I earned $100,000 in 2019, but far less in 2020. Why did I not get a stimulus check? How is that fair?


Dear Moneyist,

I have a question about the stimulus check. Why is the stimulus check based on 2019 tax returns? I earned over $100,000 in 2019 and now I am retired and earned far less than $100,000 this year. Why can’t I qualify for a stimulus check?

Do you think this is fair given that I have not been working as much in 2020? I also know people who made over $100,000 in 2019, but can’t get a stimulus because of their 2019 tax return, even though they earned less this year. Thank you for taking the time to read this.


The Moneyist:I didn’t receive a $1,200 stimulus check during the first surge of COVID-19. Will I get a $600 check this time around?

Dear Candace,

Is the stimulus package fair? Is the COVID-19 pandemic fair? Has 2020 been fair to families and elderly relatives who have been isolated? Is it fair that businesses and restaurants have closed, and office blocks have emptied out? Is it fair that some people lived, while others died? Is it fair for 12 million people to be unemployed in a year that has wrought so much turmoil? Is it fair that we were born in Europe or the U.S. or Syria or Liberia? Life on earth is not based on fairness.

‘Life on earth is not based on fairness.’

— The Moneyist

The government had to find a way to distribute the $2.2 trillion CARES Act to help people who were living paycheck to paycheck, losing their homes, or struggling to put food on the table. It gave a good first pass at being fair. Using 2019 tax returns to assess whether people qualified or not was the fastest and most efficient strategy. The stimulus checks are an advance on a 2020 tax credit. But because millions of people had not filed their returns in March, the IRS used their 2019 returns in lieu of 2020.

Was it imperfect? Of course it was imperfect. There was no and is no perfect solution. Adding to the complexity: If people did not file their 2019 tax returns by last March, the government used their 2018 returns as a proxy as a guide in order to determine their earnings. People making over $99,000 per year, and married couples making above $198,000 per year did not receive a payment. Some folks who lost their job this year, but who earned far more last year, did not receive a stimulus.

The Moneyist:‘It was hell!’ I stayed in an Airbnb on my parents’ street for Thanksgiving. My mom pleaded with me NOT to write a bad review. What do I do?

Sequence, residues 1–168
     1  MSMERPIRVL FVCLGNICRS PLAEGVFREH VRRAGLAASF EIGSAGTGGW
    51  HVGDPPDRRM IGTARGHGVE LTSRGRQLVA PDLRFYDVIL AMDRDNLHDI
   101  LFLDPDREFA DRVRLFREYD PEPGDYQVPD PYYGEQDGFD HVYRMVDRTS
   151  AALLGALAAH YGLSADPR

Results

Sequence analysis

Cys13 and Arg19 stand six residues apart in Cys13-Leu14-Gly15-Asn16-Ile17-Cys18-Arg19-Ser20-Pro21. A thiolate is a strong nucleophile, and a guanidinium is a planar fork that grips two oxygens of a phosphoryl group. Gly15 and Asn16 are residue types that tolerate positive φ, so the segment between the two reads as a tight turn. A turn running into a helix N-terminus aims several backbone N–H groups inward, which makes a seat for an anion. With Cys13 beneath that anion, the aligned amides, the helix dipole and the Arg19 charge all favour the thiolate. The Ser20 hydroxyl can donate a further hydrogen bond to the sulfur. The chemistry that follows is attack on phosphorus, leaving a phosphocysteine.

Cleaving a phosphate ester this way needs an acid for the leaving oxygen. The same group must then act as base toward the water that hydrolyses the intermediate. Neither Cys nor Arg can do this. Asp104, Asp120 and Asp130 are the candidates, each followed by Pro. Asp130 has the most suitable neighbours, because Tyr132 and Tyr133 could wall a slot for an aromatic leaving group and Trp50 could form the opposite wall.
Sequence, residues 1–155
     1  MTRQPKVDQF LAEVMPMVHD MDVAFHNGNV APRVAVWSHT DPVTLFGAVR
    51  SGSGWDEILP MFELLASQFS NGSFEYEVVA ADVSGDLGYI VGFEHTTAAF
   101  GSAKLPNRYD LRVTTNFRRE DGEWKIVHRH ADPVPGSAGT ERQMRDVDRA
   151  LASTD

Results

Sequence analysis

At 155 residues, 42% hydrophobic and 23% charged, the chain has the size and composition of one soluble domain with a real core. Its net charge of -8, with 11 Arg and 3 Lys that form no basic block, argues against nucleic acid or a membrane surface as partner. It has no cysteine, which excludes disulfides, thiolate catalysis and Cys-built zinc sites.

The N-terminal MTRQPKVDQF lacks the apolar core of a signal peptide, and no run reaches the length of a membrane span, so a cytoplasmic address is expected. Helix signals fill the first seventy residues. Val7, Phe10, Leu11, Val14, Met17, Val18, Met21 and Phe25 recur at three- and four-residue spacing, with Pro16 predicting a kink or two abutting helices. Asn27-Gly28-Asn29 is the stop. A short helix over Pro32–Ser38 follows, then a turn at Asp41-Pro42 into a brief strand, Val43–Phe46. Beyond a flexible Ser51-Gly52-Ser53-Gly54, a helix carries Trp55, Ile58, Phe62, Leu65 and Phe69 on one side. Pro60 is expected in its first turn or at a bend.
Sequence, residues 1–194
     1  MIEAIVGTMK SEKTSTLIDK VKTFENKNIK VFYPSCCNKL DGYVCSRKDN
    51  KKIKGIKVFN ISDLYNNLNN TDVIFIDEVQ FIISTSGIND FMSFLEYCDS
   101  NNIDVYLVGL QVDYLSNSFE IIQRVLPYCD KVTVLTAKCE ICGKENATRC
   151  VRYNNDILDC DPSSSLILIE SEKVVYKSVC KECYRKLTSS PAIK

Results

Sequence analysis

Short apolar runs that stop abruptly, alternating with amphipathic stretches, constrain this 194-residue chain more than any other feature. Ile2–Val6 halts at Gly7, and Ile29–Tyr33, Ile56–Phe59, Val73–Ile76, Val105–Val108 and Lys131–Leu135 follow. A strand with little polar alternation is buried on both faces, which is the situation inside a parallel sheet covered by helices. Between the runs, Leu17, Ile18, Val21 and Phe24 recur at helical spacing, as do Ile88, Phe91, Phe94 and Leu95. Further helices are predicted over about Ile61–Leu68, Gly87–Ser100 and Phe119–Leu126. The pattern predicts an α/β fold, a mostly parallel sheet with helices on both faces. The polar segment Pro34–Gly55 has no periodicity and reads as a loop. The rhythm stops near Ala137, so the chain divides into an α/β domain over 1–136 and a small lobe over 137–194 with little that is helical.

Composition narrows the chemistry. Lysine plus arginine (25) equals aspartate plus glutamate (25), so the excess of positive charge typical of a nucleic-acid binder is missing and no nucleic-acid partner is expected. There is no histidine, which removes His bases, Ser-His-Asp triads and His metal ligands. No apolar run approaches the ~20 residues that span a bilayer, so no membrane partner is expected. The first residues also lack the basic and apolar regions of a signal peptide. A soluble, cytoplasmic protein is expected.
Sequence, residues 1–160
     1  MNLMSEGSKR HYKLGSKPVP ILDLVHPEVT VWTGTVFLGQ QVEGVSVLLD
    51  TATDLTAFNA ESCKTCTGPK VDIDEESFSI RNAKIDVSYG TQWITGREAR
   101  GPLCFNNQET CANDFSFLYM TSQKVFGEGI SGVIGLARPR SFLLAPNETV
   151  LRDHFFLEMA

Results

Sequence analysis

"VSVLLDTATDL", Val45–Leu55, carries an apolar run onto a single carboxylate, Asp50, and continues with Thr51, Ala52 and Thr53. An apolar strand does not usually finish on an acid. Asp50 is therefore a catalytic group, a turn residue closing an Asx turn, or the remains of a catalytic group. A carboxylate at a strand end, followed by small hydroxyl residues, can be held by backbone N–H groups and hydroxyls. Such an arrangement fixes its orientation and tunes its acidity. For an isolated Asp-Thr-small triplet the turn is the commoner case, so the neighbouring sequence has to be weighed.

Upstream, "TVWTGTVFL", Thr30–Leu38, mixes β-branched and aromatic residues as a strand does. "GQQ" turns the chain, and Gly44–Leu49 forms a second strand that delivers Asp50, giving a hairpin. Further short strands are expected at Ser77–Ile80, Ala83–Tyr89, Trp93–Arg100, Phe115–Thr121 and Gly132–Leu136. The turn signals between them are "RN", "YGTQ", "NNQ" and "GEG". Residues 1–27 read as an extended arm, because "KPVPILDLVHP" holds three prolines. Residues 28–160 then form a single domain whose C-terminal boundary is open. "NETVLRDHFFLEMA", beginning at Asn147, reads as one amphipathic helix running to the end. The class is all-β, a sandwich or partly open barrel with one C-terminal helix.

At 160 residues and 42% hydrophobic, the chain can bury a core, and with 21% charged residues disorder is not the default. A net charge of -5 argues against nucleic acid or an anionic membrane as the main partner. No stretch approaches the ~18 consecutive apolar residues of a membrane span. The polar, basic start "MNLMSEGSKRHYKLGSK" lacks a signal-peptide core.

And this time around? Individuals earning up to $87,000 per year, and couples earning up to $174,000 per year will receive an economic-stimulus payment. Individuals who made $75,000 in 2019 will receive the maximum amount of $600, and couples who earned $150,000 last year will get $1,200 as part of this second $900 billion stimulus package. Is it fair that people are getting half of what they received as part of the CARES Act in March? It is neither fair or unfair.

Bottom line: You will receive stimulus-check payments based on your 2020 returns, but you won’t receive them this year, and no one is saying that it will be easy for people who fall between the two tax returns. Some people filed their 2019 tax returns early, and because they earned more this year did not qualify for a stimulus payment. (This man wrote to me in April to say, ‘I was punished for being responsible. I filed my 2019 taxes early — and received almost no stimulus check.”)

You can email The Moneyist with any financial and ethical questions at qfottrell@marketwatch.com. Want to read more?Follow Quentin Fottrell on Twitterand read more of his columns here

Take heart in this: There has been progress on vaccines. Assuming they work, they could eventually bring people back to their place of work. BioNTech SE
and Pfizer
said a final analysis of their vaccine candidate showed 95% efficacy, and rolled out their first deliveries on Monday. Meanwhile, Moderna
 said its own candidate was 94.5% effective. Vaccinations are rolling out for the second vaccine in the U.S. this week.

A vaccine candidate from AstraZeneca
 and the University of Oxford is safe and effective and showed an average efficacy of 70% in a pooled analysis of interim data, according to a peer-reviewed study published last week. Efficacy was 62% for trial participants who received two full doses of the experimental vaccine, but increased to 90% among a subgroup of volunteers who received a half dose, then a full dose, according to data published in The Lancet.

Access to a vaccine reveals a whole new set of rules on fairness.Would you like to sign up to an email alert when a new Moneyist column has been published? If so, click on this link.

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